I stumbled upon a talk by Matt Dziubinksi from CppCon 2016 called C++ performance analysis called “Computer Architecture, C++, and High Performance”. I thought it was an excellent talk. I’m acutely aware of how higher level abstractions have created a bubble that we usually don’t need to leave in order to write fast code. That said, Matt makes it clear that if you really want to understand (and hopefully improve) performance than you will probably have to wander out of your comfort zone.

He provides information on common bottlenecks that can occur and a lot of tools available for analyzing the performance of code. Among the topics:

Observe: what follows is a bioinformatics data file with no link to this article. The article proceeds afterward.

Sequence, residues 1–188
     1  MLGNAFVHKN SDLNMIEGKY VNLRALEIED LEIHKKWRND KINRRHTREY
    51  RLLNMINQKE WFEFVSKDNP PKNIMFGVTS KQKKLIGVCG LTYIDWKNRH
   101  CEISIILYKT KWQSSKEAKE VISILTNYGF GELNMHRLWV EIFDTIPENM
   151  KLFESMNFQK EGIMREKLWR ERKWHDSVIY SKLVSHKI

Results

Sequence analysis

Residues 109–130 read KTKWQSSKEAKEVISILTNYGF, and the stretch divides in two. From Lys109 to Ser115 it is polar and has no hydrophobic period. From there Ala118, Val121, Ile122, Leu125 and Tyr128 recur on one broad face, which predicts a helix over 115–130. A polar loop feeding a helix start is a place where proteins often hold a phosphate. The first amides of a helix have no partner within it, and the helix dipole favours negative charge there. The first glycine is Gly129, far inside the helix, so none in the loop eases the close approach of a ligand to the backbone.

1. Performance metrics
  2. Cache misses
  3. Branch (mis)prediction
  4. Instruction level parallelism (compiler optimization)


I think an important realization is that there will never be a C++ talk that says “This is how you write code that is fast in all scenarios.” but rather, “Write some code. If it does well that’s great, if it’s not good enough then let’s dig deep and see what we can improve on.” If you have that in mind when watching talks like this, I think they are more enjoyable. There will (likely) never be a std::make_my_code_uber_fast();

I thought it would be nice to summarize the list of tools he has used or recommended when troubleshooting bottlenecks, and analyzing/benchmarking C++ code. Before I list the ones from the talk, I will quickly mention VTune from Intel which is fairly high level and in my experience can be good for finding bottlenecks. Each tool is listed with a description from their website: